Ex-farm labourer, 37
Ex-farm labourer, 28 (Hamid Saleem's wife)
Mohamed Baraka Mohamed
Hamid Saleem, 37, farm labourer
30 April, 2004 marked a crucial point in the life of my family.
Hamid Saleem doesn't know what happened to his first wife
We used to live in a small village in northern Darfur called Boba.
That day a military aircraft attacked our village. We had no choice but to leave, fleeing to the surrounding mountains.
It was the last time I saw my family.
I still don't know where my first wife and our four children disappeared to.
The Janjaweed forces also killed my brother and 15 other Darfuris in a raid and buried them in a pit.
The hole was then filled up with earth as if nothing had happened.
Even my five-year-old child was not spared the fear spread by the Janjaweed. He used to lie down spontaneously whenever he heard the voice of a flying aircraft.
I was lucky to reach London.
Then my second wife, Fatima, and our child were found in a refugee camp in Chad.
The British Red Cross helped to reunite me with them and two months ago, they came to live with me in London.
Now, my life has considerably improved compared to the lives of those who are still living in Darfur or in the refugee camps in Chad.
The British government provides us with accommodation, medical treatment and education.
I am lucky as many of my relatives are still living in appalling conditions in Darfur.
What is happening there is genocide. A specific race is being targeted - my Zagawa tribe.
Fatima Abdelshafi, 28, farm labourer
I cannot distinguish between the government armed forces and the Janjaweed.
Fatima Abdelshafi and her son came to London from Chad
I cannot forget [bursting into tears] the killing of 21 people from my village. They were buried in one well which was covered with earth and then levelled.
Our herds were stolen from us and we were forced to leave our homes. We had no choice but to head for the surrounding mountains without shelter, food or water.
Why did they do that to us?
I find no single explanation for this but because we have "blue" skin - they call us the "blues".
I belong to the Zagawa tribe.
In el-Fasher, West Darfur's capital city, the Janjaweed either killed the "blue" children as they were leaving school or arrested them and then killed them later.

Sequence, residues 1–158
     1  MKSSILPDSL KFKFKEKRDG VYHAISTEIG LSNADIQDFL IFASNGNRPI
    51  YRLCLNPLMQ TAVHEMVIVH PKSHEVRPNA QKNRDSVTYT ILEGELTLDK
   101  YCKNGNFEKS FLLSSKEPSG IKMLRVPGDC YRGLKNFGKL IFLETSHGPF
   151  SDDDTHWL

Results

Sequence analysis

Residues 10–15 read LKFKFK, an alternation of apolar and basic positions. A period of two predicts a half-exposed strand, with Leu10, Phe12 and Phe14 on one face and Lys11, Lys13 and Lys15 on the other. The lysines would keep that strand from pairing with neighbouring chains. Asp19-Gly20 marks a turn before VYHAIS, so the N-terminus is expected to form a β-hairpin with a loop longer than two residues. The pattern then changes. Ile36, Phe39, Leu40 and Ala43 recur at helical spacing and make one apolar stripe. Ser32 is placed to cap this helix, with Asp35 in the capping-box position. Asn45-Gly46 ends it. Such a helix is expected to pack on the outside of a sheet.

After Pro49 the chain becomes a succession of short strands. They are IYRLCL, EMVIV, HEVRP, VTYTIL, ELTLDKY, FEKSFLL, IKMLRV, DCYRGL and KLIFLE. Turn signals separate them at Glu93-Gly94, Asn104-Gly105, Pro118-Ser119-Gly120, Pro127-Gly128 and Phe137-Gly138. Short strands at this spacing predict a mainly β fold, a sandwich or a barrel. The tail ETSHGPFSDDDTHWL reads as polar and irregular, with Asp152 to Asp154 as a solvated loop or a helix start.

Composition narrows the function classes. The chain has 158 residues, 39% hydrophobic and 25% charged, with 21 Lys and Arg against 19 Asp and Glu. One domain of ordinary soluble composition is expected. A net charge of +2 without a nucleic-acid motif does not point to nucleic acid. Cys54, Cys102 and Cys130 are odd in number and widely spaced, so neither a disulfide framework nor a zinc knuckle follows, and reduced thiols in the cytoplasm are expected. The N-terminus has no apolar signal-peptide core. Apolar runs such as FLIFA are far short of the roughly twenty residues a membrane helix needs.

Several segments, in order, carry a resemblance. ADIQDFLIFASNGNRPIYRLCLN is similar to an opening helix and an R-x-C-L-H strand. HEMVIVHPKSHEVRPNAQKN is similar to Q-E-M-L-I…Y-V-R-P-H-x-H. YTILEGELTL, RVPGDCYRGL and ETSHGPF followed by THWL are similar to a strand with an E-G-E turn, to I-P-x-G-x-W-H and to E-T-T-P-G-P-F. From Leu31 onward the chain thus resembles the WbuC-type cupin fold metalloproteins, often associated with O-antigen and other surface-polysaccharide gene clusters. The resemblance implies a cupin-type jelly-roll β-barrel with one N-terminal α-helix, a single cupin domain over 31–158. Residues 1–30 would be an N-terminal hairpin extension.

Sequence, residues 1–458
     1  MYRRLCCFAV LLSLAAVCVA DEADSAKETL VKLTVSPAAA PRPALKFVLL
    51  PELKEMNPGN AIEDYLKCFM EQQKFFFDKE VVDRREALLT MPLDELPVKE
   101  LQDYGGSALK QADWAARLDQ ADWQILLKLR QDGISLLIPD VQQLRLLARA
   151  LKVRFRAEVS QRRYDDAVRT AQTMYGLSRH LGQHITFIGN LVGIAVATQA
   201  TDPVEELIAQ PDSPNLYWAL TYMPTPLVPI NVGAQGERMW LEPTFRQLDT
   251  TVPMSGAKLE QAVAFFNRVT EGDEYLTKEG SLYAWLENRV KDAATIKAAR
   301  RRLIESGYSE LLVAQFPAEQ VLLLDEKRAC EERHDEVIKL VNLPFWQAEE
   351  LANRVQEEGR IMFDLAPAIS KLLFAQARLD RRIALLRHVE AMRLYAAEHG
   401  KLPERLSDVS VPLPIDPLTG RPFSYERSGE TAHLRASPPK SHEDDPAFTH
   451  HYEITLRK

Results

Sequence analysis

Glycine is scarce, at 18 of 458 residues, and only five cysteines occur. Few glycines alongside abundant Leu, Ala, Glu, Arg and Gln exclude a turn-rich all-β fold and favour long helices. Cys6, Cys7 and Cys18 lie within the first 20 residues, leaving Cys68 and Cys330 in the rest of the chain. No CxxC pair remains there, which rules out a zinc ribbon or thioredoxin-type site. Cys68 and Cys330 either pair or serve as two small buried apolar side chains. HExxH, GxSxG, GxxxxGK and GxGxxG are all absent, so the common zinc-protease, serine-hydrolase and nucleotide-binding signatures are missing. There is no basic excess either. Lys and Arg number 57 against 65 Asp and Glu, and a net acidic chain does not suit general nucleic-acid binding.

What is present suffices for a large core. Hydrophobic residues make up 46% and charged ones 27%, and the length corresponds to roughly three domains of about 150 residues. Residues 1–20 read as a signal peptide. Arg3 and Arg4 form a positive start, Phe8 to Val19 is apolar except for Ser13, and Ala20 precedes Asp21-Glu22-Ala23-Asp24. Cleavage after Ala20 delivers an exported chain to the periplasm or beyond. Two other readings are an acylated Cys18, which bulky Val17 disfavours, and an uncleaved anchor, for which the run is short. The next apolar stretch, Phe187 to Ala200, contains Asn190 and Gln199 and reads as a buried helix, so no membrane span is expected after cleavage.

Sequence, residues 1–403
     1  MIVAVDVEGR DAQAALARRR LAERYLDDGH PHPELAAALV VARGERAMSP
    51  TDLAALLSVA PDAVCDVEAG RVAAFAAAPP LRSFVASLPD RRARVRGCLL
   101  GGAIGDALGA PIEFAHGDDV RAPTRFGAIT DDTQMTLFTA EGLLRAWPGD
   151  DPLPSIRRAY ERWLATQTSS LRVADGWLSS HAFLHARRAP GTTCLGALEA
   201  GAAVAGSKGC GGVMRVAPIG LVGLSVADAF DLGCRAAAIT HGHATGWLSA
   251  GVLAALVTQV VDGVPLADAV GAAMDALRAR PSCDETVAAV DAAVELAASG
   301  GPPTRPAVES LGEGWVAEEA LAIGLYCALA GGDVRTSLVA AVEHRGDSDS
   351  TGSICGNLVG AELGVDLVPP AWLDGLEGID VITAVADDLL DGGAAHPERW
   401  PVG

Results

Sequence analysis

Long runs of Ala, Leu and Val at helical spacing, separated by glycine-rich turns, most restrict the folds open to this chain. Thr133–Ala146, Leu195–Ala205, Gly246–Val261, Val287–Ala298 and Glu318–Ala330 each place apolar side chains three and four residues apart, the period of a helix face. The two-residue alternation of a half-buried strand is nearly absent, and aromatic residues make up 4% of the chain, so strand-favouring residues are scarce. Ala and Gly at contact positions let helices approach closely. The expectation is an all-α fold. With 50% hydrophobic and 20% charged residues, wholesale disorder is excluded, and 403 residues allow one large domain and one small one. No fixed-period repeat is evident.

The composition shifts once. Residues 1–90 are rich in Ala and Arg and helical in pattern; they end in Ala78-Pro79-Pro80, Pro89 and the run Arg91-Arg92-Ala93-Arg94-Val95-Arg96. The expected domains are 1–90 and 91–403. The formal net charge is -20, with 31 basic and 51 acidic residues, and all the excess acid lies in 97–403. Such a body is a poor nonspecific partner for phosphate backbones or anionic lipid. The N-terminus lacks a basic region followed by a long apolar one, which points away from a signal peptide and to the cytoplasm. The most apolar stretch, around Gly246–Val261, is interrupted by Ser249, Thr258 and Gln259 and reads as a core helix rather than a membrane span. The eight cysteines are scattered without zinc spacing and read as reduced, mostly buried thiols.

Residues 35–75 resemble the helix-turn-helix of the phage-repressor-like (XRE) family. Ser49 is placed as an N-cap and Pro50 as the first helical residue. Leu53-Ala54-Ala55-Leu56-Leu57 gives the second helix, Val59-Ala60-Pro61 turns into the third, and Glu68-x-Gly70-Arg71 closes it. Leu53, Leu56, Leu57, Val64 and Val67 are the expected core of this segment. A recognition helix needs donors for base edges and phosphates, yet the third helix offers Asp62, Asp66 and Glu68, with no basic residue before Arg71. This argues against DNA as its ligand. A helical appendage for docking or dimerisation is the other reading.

Three of my uncles were killed during an air-raid two years ago. Many other members of my family have met the same fate.
I am extremely worried for the safely of my relatives who are still living in Darfur.
After fleeing my village, I walked for two whole days until I reached the border with Chad. There, I lived in a refugee camp where living conditions were comparably much better.
My worst fear is for the fate of the remaining members of my family in Darfur. They, along with thousands of other families, are in real danger.
Mohamed Baraka Mohamed, 56, lawyer
What is happening in Darfur is a result of many years of persecution against specific tribes in the province.
Mohamed Baraka Mohamed used to be a minister in Sudan's parliament
These tribes are viewed with contempt such as my tribe, the Fur. When I was at school, I was beaten if I didn't speak Arabic even though my tribe has its own language. This and other forms of "forced Arabisation" suggests the disrespect with which we are viewed.
This attitude is not confined to the Sudanese government - other Arab and Muslim countries are included.
Has a single Arab or Muslim country condemned what is happening in Darfur?
From my experience as a Sudanese member of parliament (2001 - 2005) for Darfur, I can confirm that what is going on is genocide.
In my village, Shuba, the Janjaweed have killed many people, burnt homes and stolen herds.
If people file a complaint to the authorities, the police are always late - at least five hours - despite the police station being only seven kilometres away.
Instead of chasing the attackers, the police question the villagers over how they procured the arms which they use for self-defence.
This happens despite the fact that the corpses of villagers are scattered around.
In some instances, the number of corpses has reached 60. For example, Shuba village was attacked on 28 April 2002 [before the rebellion began] at around 0500 local time. Though more than 600 homes were burnt, the government forces, stationed in a nearby base, only arrived at the village by 0915.
Attacks don't usually target a single village. Instead, they attack a wide range.
I support the deployment of international forces because the 7,000-strong African Union (AU) forces are incapable of protecting themselves, never mind the people of Darfur. They have been repeatedly attacked in the past.
The international forces will be empowered to stop the attacks and put pressure on the government, unlike the AU which does nothing but write reports whenever an attack occurs.
I find the attitudes of those who claim that the deployment of international forces would only bring colonial forces to Sudan odd.
Why don't they think of hundreds of thousands of Darfuris who were either killed or driven from their homes? Aren't they human beings who deserve protection?